caz-m says:
    28 September, 2015 at 11:36 pm
    Since those saps, I mean new Labour Party members bought into the Corbyn vision, he has now back tracked on:

    McDonnell Newsnight England thing there was pretty flat too, tobin City transaction tax is on, but only if its feasible. Vote new New Labour but only if its feasible.

    McDonnell also against UK businesses shifting jobs to sweat shop slave wage far east, like Dyson, but he’s for globalisation too, as long as its done in a nice way.

    You get the picture. Why oh why El Tone said Jeremy Corbyn’s politics are fantasy like Alice in Wonderland, is anyone guess.

  82. Grouse Beater says:

    England’s rights, England’s wrongs, the air is thick with England’s woes. My ears bleed from the sound of slashing self-abuse. Oh, what a narcissist we have for a neighbour.

  83. heedtracker says:

    Rancid The Graun dreary vote Lab header-

    “Promising an adult debate rather than silly slogans that demeaned the complexity of the issues, McDonnell said he would commit Labour to increasing taxes if necessary, but his aides said he did not advocate a rise in the 50p rate of income tax.”

    So McDonnell’s aides say he’s not going to go for his 50p rate, huh? why is he monstering SNP with “the SNP voted against fair taxes in Scotland to spend on schools”.

    Its all a bit disorientating really. Bomber Blair must be enjoying the sound bite stuff too. No doubt Pacific Quay shills will have it all tidy for their SNP bad rage of the day tomorrow.

  84. ronnie anderson says:

    @ Ed Millington Question is Ed are you still in awe of the new new new Labour our party,or is it aw er fur you.

  85. Thanks, Ed, for that clear analysis.

    I must agree with Grouse Beater at 9.33, though.

    Corbyn’s and McDonnell’s lies about Scotland aren’t symptoms of moral degeneracy in the political classes, or of ill-advised ignorance. They reflect the fundamental realpolitik of UK plc.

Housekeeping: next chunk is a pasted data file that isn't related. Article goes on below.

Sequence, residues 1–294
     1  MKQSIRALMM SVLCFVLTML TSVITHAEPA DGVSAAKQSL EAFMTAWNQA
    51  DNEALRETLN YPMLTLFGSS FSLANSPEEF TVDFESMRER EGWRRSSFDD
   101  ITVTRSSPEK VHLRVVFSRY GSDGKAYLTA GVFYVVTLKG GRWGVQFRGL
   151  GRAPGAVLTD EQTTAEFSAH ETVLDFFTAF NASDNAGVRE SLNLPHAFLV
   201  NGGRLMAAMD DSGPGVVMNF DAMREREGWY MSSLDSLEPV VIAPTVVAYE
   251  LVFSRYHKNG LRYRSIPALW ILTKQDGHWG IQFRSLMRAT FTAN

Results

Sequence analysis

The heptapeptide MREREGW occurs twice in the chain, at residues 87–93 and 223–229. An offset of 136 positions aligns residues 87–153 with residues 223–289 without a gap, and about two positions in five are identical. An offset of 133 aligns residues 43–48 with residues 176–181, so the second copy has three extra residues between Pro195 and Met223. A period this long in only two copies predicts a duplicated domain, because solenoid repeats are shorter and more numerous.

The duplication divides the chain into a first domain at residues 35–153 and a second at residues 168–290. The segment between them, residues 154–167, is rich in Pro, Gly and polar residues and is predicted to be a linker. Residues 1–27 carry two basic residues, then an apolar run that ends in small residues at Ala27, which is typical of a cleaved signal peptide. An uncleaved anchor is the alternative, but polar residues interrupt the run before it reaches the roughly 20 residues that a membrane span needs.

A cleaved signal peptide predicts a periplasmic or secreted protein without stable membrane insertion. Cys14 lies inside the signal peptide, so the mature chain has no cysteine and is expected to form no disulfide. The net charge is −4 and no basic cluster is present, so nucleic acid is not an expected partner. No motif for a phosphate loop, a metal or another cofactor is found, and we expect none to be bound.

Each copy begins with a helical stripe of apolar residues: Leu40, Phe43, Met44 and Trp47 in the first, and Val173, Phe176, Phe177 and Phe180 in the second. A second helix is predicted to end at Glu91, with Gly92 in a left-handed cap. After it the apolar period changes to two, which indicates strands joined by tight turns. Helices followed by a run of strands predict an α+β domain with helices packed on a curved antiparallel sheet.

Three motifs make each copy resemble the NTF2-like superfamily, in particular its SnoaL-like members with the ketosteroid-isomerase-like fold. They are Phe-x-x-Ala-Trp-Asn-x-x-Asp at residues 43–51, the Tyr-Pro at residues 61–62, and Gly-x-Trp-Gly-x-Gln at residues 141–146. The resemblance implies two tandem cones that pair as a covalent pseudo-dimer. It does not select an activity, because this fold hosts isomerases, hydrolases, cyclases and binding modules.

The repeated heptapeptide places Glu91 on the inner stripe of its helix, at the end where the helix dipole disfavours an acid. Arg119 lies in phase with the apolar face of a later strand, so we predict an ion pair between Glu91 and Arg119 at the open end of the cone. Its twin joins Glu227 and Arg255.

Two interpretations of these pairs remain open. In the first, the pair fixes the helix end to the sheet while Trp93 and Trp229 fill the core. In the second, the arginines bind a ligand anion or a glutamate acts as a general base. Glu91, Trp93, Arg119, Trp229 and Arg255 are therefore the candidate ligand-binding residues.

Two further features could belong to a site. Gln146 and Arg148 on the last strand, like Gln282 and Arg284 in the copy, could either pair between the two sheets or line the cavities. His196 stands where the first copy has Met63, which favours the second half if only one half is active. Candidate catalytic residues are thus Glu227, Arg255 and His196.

The British Left has long and fully accepted its role as the left wing of the Establishment – as a conservative force. They’re permitted to ask difficult questions, and occasionally to even implement progressive policies: on condition that they help preserve the territory and prestige of the State as a whole, and don’t interfere unduly with the City or the security state. By offering hope to the proles, they reduce the risk of unrest and instability. Seats in the Lords go to those who’re effective in that regard.

    When it comes to UK’s structurally disenfranchised components (Scotland, NI, Wales), their only role is to make solidarity within the status quo seem more acceptable than autonomy. If they can do that well, they’ll get quite a bit of leeway in promoting socialist policies. If not, the full weight of the state and the media can be brought to bear on them.

    A good case in point is George Galloway – a man who made a career of vocally opposing British imperialism, and demanding autonomy for every country on earth except the land of his birth. How much harder would his career have been made, if it wasn’t clear he was ultimately willing to be played as a unionist joker against Scotland?

  86. Hoss Mackintosh says:


    Does that mean that the “New Scotsman” may also be parting company with Brian Wilson just like the WHFP ?

    Here’s hoping!

    Still will not buy it though…

  87. Les Wilson says:

    2016 SNP x2. A must.

  88. caz-m says:

    Has Corbyn ever been in Scotland? I think on his first visit Scottish Labour will try to put on a bit of a show.

    Then when the penny starts to drop that they have been conned, the novelty will wear off and the crowds will dwindle.

    Watch your back Jeremy, the knives are out. The ides of March, Julius Caesar and all that.

  89. Patrician says:

    Very good article Ed, you can take some small consolation that all you lost materially was £3 from your wallet, but I think the loss of your optimism is a much heavier blow for you to take.

    I wondered whether after the election of Corbyn, Labour in Scotland would benefit from the halo effect of a new left wing leader. The events of the last couple of days have kicked that notion into touch.